Tuesday, August 31, 2010

Cheever, Albee, Perloff

Our 2011 Kelly Writers House Fellows are featured on the main news page of the Penn web site.

Tuesday, August 24, 2010

Bruce Andrews

Episode 35 of PoemTalk is being released today: here. Tan Lin, Sarah Dowling and Chris Funkhouser discuss Bruce Andrews's poem from Moebius, "Center."

Sunday, August 22, 2010

Poetry mag "versus" beatniks

There isn't any conflict of interest between the universities and POETRY. Quote, unquote.

Thursday, August 19, 2010

featured podcast

Today the University of Pennsylvania's main news page features a program in the Kelly Writers House Podcast series. This is a conversation I hosted with Jessica Lowenthal and Jamie-Lee Josselyn about the book Jamie-Lee has been writing about her mother's death. The direct link to the podcast is here.

Tuesday, August 17, 2010

four new Creeley recordings

Thanks to the work of Henry Steinberg, we've just added four new recordings of Robert Creeley reading his poems: "The Dishonest Mailman," "Please," "After Lorca," and "The Ballad of the Despairing Husband." We've also included links to four YouTube video clips of the same reading. Go to PennSound's Creeley page and scroll down to the bottom.

Joan Didion stays on the linguistic surface

Monday, August 16, 2010

another Filreis survivor of the Holocaust

Zalman was born in Warsaw in 1927 as the only child of Izaak and Haja Akerman. Before marrying Zalman's father, Haja's name as Haja Filreis. I believe that Haja was a sister of my father's father--my grandfather--Ben. That would make Zalman my father's first cousin. Ben and his brother left Warsaw to come to Brooklyn in the 1910s, so the family was permanently split up even before World War II.

He calls himself the only survivor of his family. But now, finally, he knows that other Filreises survived.

Zalman's father Izaak was a hat-maker who specialized mainly in leather hats. His mother Haja--formerly Haja Filreis--was a senior nurse in one of the hospitals of Warsaw. Zalman who was an only child studied at the Polish School on Ptasia Street.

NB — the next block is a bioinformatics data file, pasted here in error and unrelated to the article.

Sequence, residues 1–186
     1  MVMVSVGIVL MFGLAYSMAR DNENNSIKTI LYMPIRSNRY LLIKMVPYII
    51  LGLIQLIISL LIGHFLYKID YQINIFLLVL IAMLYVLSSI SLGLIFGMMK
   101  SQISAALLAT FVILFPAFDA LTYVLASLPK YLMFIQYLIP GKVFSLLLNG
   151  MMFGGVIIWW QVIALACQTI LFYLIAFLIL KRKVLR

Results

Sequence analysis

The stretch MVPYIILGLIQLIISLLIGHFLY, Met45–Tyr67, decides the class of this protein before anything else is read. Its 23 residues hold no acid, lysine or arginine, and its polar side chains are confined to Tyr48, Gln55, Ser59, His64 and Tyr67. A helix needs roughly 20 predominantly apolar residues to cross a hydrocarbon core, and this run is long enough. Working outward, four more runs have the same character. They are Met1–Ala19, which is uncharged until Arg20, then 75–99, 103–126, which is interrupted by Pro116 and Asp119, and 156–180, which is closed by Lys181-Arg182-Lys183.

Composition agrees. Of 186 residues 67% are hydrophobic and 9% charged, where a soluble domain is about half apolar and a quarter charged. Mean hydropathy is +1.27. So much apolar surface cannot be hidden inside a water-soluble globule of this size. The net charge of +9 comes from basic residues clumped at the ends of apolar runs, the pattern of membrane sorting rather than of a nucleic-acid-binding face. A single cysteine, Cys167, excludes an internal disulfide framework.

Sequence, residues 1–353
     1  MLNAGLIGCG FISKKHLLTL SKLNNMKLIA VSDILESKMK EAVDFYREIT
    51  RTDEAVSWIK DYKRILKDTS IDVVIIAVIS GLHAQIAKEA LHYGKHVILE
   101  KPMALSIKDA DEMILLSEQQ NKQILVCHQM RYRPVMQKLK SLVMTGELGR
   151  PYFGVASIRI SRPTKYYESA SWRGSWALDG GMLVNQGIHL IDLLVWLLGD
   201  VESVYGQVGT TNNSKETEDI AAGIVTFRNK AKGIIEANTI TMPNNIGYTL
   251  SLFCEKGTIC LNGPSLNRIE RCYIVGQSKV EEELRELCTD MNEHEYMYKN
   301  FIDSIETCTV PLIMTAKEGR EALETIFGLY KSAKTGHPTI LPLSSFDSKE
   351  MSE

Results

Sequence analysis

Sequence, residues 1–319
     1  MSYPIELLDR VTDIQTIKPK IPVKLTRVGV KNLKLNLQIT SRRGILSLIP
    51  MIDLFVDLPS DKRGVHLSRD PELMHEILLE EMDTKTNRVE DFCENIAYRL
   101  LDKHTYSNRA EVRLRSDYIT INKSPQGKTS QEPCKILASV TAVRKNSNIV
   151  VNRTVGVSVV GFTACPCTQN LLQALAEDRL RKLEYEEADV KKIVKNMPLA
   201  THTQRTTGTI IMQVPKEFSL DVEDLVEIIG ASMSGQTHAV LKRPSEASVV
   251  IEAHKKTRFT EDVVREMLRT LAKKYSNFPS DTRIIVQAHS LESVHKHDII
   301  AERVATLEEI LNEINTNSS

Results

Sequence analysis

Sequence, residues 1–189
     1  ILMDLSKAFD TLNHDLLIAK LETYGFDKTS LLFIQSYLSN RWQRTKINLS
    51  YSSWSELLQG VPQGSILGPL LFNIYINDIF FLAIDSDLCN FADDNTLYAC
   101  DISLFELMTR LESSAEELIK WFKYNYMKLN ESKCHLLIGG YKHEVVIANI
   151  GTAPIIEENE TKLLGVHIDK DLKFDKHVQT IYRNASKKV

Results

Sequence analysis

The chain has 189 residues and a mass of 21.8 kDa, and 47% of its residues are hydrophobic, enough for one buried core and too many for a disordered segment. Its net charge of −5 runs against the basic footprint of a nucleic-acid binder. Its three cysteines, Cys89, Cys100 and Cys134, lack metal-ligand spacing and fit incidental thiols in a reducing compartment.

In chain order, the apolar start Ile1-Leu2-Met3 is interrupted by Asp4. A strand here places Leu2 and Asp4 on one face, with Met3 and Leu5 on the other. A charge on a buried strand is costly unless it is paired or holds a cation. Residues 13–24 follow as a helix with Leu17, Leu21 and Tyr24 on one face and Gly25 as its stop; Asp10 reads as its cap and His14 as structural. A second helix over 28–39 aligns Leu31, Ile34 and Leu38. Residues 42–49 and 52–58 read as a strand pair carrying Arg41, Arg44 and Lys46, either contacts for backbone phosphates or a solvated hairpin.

As you will see, if you read on, Zalman is a survivor of the Holocaust. He was involved with the Warsaw Ghetto Uprising fairly far into that battle. The rest of his story is told through a web site called "Virtual Stetl," an attempt by some people in Israel to record the memories of Eastern European Jews who eventually found their way to the middle east.

"I had a happy childhood", says Zalman, yet he remembers very little from his childhood days and from his parents. "All what happened before the war was almost entirely erased, except for a few remembrances". For instance, Zalman remembers a colored painting of him when he was four, painted on canvas, which was hanging on the wall in their living room. From the house he remembers the opening sofa in the living room and the round table, which stood in the middle. The cooking stove in the kitchen, which was heated by fire-woods, and the portable stove from cast iron. One of the rooms served as a workshop for his father Izaak, including special models which Izaak sewed his hats on them.

His grandmother (on his mother's side) lived together with their small family and took care of the household and of Zalman, since his mother was working at the hospital.

"I don't remember the face of my mother clearly. What I picture in my mind is her image dressed in the white uniform of a nurse," Zalman sums up his vague memories of that period.

"My Holocaust started when I was 12", relates Zalman. "On September 1st, 1939, the Germans bombed Warsaw. A bomb fell on our house and miraculously we were saved. We were put in a ghetto. One day, during one of the actions, the Germans caught me and I found myself, together with several dozens of other Jews, marching towards the Umschlagplatz - the place from where the Warsaw Jews were sent to extermination camps. We waited for the train inside a large building. When the sign was given, we were ordered to march towards the train, escorted by armed Ukrainian soldiers.

Then one minute I ran away. I hid under a pile of feathers in a garage nearby. When the Germans entered the garage - I held my breath so that no feather would fly.

At night I left my hide-out and returned to the ghetto".

On April 1943, the Jews' uprising in ghetto Warsaw broke out. All the ghetto residents went down to the underground bunkers. Zalman and his mother stayed in one of the largest bunkers in the ghetto, on 22 FranciszkaƄska Street (his father Izaak was taken away and sent to extermination already in 1942).

On April 20th, the fighters were given an ultimatum to put down their weapons till 10.00 o'clock in the morning. The Waffen SS forces, which arrived at the place faced strong resistance. At that stage, the Germans began setting the ghetto houses on fire. When the fighters fled from the upper burning floors to the underground bunkers, the fire from above took all the supply of oxygen down below and turned the bunkers into suffocation traps. The Germans pumped poisonous gases into the sewage canals and the Jews who had to leave their hide-out were shot dead.